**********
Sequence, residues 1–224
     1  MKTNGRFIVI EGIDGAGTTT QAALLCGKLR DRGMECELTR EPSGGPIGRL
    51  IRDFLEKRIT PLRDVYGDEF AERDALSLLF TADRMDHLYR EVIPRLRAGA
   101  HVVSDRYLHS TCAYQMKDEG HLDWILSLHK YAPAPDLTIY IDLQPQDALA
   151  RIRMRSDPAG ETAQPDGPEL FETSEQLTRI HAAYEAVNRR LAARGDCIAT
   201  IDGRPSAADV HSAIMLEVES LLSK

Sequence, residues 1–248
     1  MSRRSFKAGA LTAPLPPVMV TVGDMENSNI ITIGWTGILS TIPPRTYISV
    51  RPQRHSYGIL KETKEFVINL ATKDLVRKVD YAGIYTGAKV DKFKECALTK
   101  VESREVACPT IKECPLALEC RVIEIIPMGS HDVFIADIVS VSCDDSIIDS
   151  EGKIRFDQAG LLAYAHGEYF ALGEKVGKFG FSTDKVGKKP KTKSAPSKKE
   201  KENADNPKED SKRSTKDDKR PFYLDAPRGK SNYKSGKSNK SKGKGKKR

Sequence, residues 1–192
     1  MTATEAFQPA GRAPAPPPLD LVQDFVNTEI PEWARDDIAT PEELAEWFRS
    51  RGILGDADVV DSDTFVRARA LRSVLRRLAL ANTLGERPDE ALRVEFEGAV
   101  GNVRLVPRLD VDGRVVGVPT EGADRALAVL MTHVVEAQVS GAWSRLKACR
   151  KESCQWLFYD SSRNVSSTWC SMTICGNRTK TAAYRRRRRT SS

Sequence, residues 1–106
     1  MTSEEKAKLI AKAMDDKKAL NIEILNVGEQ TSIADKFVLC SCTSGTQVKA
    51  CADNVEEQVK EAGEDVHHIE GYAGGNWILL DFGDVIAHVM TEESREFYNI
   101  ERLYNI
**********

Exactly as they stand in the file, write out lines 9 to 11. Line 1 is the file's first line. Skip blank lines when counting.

    51  RPQRHSYGIL KETKEFVINL ATKDLVRKVD YAGIYTGAKV DKFKECALTK
   101  VESREVACPT IKECPLALEC RVIEIIPMGS HDVFIADIVS VSCDDSIIDS
   151  EGKIRFDQAG LLAYAHGEYF ALGEKVGKFG FSTDKVGKKP KTKSAPSKKE